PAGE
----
State may see FEMA funds to help offset storm recovery costs
Aiken and Barnwell counties may have a combined $6 million worth of damage caused by the recent ice storm that ripped through the area last week, according to Aiken County officials.
FEMA (the Federal Emergency Management Agency) has set a $6.4 million minimum in damage statewide to receive a disaster declaration, which would result in federal aid that would help cover recovery efforts.
FEMA is expected to assess the storm damage in Aiken County this week, according to County Administrator Clay Killian.
The County has to meet approximately $560,000 worth of damage, but Killian said the County expects to easily exceed that amount.
He said about $500,000 in damage to residences and other structures around Aiken County have already been calculated by local assessors.
On Tuesday night, Aiken County Council passed several resolutions in response to the winter storm that caused hundreds of fallen trees and large limbs and left thousands of residents without power.
Formal consent was given to a declaration of a state of emergency in Aiken County, a resolution was passed to enter into an agreement with Southern Disaster Recovery for debris removal and the execution of an agreement with the South Carolina Department of Transportation for emergency debris removal were all unanimously approved by Council.
Council also approved the first reading of an ordinance to amend the current operating budget to provide emergency funding to respond to the winter storm.
Accounting for all of the debris, as well as keeping record of man hours, equipment usage and anything related to cleanup efforts, is key to obtain a FEMA reimbursement, Killian said.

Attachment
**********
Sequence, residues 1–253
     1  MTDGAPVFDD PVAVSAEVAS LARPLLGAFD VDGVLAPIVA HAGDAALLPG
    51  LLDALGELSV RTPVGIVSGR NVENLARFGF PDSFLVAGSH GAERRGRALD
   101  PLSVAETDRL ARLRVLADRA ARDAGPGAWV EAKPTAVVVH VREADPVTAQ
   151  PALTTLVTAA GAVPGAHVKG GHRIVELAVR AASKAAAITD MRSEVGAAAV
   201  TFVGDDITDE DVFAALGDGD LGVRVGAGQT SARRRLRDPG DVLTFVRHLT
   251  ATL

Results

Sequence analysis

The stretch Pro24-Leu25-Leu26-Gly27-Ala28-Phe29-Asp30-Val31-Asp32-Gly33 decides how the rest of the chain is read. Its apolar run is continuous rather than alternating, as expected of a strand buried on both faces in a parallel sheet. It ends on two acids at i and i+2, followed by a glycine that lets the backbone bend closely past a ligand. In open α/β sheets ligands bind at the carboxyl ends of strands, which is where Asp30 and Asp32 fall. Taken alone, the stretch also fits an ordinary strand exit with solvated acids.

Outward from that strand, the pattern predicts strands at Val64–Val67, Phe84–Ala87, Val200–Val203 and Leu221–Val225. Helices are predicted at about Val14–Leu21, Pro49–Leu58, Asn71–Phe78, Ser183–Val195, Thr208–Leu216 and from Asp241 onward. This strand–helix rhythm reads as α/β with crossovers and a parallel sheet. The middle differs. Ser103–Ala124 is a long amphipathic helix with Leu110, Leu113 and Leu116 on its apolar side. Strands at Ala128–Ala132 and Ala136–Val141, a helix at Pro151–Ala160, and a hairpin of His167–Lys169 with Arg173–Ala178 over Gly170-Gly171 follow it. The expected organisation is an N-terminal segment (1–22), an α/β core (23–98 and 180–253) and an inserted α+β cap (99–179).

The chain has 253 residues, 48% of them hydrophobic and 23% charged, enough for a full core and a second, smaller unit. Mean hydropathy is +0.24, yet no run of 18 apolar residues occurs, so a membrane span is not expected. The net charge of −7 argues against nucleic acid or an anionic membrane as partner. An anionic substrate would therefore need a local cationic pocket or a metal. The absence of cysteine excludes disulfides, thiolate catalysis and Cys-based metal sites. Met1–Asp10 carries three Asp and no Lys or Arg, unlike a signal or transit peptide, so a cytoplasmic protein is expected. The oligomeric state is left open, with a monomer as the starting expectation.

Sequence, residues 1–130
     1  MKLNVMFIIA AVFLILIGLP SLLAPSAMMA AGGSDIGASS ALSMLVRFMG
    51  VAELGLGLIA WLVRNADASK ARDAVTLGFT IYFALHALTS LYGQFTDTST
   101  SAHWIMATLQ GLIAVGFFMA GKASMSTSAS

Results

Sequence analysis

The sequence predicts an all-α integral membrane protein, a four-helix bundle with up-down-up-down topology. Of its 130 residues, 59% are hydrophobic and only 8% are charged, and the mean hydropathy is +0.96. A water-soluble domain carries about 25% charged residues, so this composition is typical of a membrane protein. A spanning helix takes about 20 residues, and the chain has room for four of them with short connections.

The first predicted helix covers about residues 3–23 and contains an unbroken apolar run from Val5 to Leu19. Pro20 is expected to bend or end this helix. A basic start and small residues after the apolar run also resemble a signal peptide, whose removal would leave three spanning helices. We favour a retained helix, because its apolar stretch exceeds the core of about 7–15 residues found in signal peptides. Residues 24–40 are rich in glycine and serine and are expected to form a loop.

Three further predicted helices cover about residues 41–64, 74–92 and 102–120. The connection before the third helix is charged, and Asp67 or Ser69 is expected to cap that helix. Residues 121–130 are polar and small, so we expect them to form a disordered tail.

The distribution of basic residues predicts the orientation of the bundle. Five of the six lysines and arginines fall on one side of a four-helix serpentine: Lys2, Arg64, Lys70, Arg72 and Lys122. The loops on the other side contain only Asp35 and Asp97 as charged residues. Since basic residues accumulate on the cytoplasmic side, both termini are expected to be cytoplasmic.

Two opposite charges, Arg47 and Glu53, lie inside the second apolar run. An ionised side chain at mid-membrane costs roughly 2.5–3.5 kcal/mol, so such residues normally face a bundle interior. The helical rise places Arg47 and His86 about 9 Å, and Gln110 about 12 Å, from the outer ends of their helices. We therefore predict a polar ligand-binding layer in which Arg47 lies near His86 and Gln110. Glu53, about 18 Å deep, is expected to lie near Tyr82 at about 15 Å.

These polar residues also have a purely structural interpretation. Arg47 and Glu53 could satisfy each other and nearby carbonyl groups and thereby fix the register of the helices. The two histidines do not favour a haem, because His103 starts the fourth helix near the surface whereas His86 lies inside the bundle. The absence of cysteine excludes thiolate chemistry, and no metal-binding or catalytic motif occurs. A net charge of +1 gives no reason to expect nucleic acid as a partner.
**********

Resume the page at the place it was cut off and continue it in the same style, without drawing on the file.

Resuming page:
“We're going to show them (FEMA officials) everything we can to make sure they understand the magnitude of this storm,” Killian told Council on Tuesday night.
A state of emergency was already declared by County Council Chairman Ronnie Young on Thursday, after the storm struck the area, so that the County could start the recovery process. Council later asked to ratify the declaration, Killian said.
The declaration jump-started an agreement with Greer-based Southern Disaster Recovery, which was already a contract that was in the works before this storm came through, Killian said.
This recovery group has responded to a wide variety of disasters, including Hurricane Katrina in 2005.
The County is still working to clear roads of storm debris and hopes to have that complete by the end of the week, Killian said.
Both Killian and Council thanked Aiken County staff members, as well as other organizations, that have stepped up in the past week in response to the devastation caused by the ice storm.
“Everyone has been really amazing through all of this,” Killian said. “It's just been something else. It's been a busy six days, and we have a busy few months ahead of us.”
Any local businesses interested in joining the recovery efforts are encouraged to visit Southern Disaster Recovery's website at www.southerndr.com.
Amy Banton is the County reporter for the Aiken Standard and has been with the publication since May 2010. She is a native of Rustburg, Va., and a graduate of Randolph-Macon Woman's College.